AAP SUPPORTS FINCH REPORT RECOMMENDATIONS FOR SUSTAINABLE EXPANDED ACCESS TO SCIENTIFIC PUBLISHING
Thursday, 28 June 2012 | Andi Sporkin
Acknowledging its many similarities with the America COMPETES Reauthorization Act of 2010, the Association of American Publishers joined stakeholders across the worldwide scientific community in commending ideas set forth by the Finch Group report, the British government-funded project to identify sustainable strategies that could effectively expand access to published scientific research.
The report, “Accessibility, Sustainability, Excellence: How to Expand Access to Research Publications” is the result of a year-long initiative that brought together disparate stakeholders from academia, funding groups, libraries, learned societies and publishing. While the final report is focused on the UK research community, many recommendations have implications for driving policy worldwide. Among them, it calls for government to support the publication of research in open access or hybrid journals, fully funded by article processing charges. Where total funding is not available, it recognizes that publishers must have an appropriate embargo period to avoid undue impact on recouping costs.
“The Finch Group report injects thoughtful, balanced and viable solutions into a debate that has at times wandered off into shortsightedness and even hyperbole,” said Tom Allen, President and Chief Executive Officer, AAP.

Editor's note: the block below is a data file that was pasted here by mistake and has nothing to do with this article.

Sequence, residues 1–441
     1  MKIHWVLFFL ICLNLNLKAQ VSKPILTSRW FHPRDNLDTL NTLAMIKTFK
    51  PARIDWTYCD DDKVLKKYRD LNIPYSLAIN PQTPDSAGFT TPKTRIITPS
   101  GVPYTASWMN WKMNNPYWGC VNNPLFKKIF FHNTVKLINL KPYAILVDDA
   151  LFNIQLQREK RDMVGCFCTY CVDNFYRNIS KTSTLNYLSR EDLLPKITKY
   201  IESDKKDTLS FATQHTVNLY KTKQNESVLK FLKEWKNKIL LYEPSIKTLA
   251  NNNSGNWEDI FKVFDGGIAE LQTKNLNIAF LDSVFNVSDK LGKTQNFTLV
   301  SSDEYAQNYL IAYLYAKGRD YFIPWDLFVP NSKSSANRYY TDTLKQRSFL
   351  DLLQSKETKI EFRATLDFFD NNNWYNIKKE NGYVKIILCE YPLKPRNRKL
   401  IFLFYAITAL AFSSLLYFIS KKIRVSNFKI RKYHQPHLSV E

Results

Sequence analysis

“Working from the premise that the fundamental changes underway in high-quality scientific communications require a longterm collaborative strategy that cannot be achieved cost-free, the report recognizes publishers as proven innovators critical to the solution and the necessity of sufficient funding. It also identifies the key policy questions as: how does this community mutually promote and manage the shift in an ordered way to best deliver the benefits while minimizing risk?
“AAP agrees with the report’s conclusion that a mixed economy of subscriptions, licensing, open access, repositories and pay-per-view will exist for the foreseeable future and all stakeholders need to work toward an environment for the best public good.”
Allen noted numerous similarities between the Finch Report, tenets of the America COMPETES Reauthorization and collaborative practices already underway between US publishers, funding agencies and research institutions to broaden access to information. These include publishers’ engagement with such federal agencies as the Department of Energy, National Science Foundation and the White House Office of Science and Technology Policy, with the recently-announced FundRef as one of several projects in development. In addition, publishers have launched Research4Life in collaboration with the United Nations, Emergency Access Initiative with the National Library of Medicine and patientINFORM with voluntary health organizations.
About the Association of American Publishers
AAP is the national trade association representing nearly 300 premier US publishers of high-quality entertainment, education, professional and scholarly content, produced using the most current technology, reaching the world.
Members of the Professional and Scholarly Publishing Division of AAP publish, in print and electronic form, the vast majority of materials produced and used by scholars and professionals worldwide in science, medicine, technology, business, law and the humanities. PSP members produce books, journals, computer software, databases and digital content. Its membership encompasses commercial companies, not-for-profits, professional societies and university presses.